Divorced Spouse's Right to Half of Proceeds from Real Estate Sale
The sole issue in this divorce case is whether the former husband, is entitled to one-half of the proceeds from the sale of real estate.
Long before he instituted the dissolution action the former husband conveyed his interest in the property to the wife by quitclaim deed.
During the pendency of this action, the wife sold the property.
The trial judge ruled that this property was not a marital asset and instead was the sole property of the former wife. Accordingly, the trial court ordered the proceeds of the sale of the property be distributed solely to the wife.
Although the circuit court erred by designating the real estate as non-marital, we affirm because the award to the wife is otherwise supported by the evidence and the trial judge's findings.
Before the case came on for final hearing, the trial judge conducted an emergency hearing concerning proceeds of the sale of the property.
At that time, the trial judge ordered that one-half of the net proceeds be distributed directly to the wife, $ 5,000 be distributed directly to the former husband, and the balance be held in trust by the former husband's lawyer pending further order as to the "proper and equitable distribution of such funds."
The husband conveyed the subject property to the wife over six years before he filed this action for dissolution.
According to the unrefuted testimony of the wife, she handled all expenses attendant to the property for years, borrowed substantial sums of money to prevent foreclosure of liens against the property, and was ultimately successful in locating a buyer for the property.
The liens she paid off included at least one attributable to the former husband's delinquent child support obligation resulting from a child born during the marriage, but to a woman other than the wife.
The wife was unaware of most of the various encumbrances until she began the effort of redeeming the property from foreclosure.
Accordingly, the circuit judge erred in concluding that because the property was a gift from the former husband to the wife, it was not marital property subject to equitable distribution.
Nevertheless, the judge made sufficient findings of fact to render this error harmless. Cf. Vaughn v. Vaughn, 714 So. 2d 632 (Fla. 1st DCA 1998) (finding that where reason for the trial court's unequal distribution of marital debt is readily apparent from the record, the trial court's failure to make the specific findings concerning the distribution would be viewed as harmless error).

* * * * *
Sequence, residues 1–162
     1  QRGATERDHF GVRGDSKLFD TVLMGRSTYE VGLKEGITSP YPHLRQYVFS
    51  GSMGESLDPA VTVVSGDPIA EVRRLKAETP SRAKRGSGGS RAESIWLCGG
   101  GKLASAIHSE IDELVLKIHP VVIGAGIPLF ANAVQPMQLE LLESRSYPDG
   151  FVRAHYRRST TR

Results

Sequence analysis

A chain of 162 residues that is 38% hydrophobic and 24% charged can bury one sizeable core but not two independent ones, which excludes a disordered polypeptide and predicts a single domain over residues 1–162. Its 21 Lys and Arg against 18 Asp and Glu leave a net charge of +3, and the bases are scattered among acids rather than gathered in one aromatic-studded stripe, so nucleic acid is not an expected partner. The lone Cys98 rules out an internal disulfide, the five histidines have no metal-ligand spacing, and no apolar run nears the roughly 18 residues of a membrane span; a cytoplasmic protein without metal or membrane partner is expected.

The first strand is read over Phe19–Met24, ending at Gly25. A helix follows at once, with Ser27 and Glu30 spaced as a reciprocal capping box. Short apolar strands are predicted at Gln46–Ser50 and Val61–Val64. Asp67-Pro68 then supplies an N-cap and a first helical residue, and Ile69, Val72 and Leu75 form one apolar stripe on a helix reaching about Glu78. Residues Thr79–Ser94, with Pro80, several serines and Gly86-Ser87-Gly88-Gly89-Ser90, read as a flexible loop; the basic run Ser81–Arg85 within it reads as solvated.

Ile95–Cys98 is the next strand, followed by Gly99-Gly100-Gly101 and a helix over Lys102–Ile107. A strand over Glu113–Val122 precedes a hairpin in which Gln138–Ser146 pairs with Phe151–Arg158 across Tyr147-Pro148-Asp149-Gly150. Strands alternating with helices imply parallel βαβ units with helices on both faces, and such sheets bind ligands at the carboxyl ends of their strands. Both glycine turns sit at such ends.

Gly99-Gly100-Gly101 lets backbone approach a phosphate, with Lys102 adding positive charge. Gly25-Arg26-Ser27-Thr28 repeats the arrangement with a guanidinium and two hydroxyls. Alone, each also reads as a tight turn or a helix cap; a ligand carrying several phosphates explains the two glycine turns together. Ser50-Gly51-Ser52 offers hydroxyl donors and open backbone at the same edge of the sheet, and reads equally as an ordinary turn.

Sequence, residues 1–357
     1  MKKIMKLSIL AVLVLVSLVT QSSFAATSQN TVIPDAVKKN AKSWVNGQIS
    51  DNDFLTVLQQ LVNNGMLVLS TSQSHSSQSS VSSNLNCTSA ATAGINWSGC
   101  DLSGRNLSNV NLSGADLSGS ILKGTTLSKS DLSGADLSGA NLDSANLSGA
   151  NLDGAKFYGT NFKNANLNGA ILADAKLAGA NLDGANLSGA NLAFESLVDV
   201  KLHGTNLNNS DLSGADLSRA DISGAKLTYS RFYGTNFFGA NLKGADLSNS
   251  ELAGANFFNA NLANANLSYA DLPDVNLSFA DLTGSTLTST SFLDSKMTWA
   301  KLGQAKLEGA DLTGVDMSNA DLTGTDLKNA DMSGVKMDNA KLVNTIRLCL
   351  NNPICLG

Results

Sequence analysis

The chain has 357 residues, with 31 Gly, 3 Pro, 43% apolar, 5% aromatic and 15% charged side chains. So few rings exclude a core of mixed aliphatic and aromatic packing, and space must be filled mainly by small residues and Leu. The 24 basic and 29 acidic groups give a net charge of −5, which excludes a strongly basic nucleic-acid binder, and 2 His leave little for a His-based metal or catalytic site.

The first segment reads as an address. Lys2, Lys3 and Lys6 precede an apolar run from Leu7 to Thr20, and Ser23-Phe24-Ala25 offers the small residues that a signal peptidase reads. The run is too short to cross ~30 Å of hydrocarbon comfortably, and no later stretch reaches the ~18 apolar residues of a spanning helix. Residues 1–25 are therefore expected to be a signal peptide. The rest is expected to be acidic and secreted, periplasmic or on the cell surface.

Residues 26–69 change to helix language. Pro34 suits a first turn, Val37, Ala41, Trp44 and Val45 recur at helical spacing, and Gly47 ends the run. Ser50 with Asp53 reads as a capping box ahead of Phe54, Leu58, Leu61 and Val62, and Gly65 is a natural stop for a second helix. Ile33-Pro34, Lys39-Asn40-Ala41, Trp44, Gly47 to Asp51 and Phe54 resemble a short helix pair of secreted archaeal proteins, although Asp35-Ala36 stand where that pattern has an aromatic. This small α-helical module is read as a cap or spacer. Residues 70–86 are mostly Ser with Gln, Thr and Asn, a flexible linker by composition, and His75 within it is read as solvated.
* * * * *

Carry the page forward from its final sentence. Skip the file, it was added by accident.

A trial court may avoid the obligation to divide marital assets equally by making written findings justifying the decision. See Silber v. Negrin, 745 So. 2d 523, 1999 Fla.
The reviewing court should determine whether competent substantial evidence supports the equitable distribution of marital assets. See Kaplan v. Kaplan, 744 So. 2d 1201, 1999 Fla.
The standard of review is whether the trial court abused its discretion in distributing marital assets. See id. the final judgment may offer support for the trial court's equitable distribution even though the relevant findings are not properly labeled as finding of fact pursuant to section 61.075(3), Florida Statutes (1997).
See McMullan v. McMullan, 1999 Fla.
Applying this law to the present case, we conclude that the property was in fact a marital asset. Nevertheless, unequal distribution of this asset was justified by the trial court's findings.
The former husband deeded the property to his wife many years before he sought dissolution. He never asserted entitlement to, or ownership of, the property until after the wife accomplished a sale.
The wife, on the other hand, took all reasonable and necessary steps to redeem the property from foreclosure and from various liens.
She borrowed substantial sums of money and eventually found a buyer for the property. Significantly, the trial court did not leave the former husband out in the cold--he received $ 5,000 as a result of the interlocutory hearing.
The final judgment did not redistribute this $ 5,000 and directed only that the proceeds held in escrow by the husband's lawyer be paid over to the wife.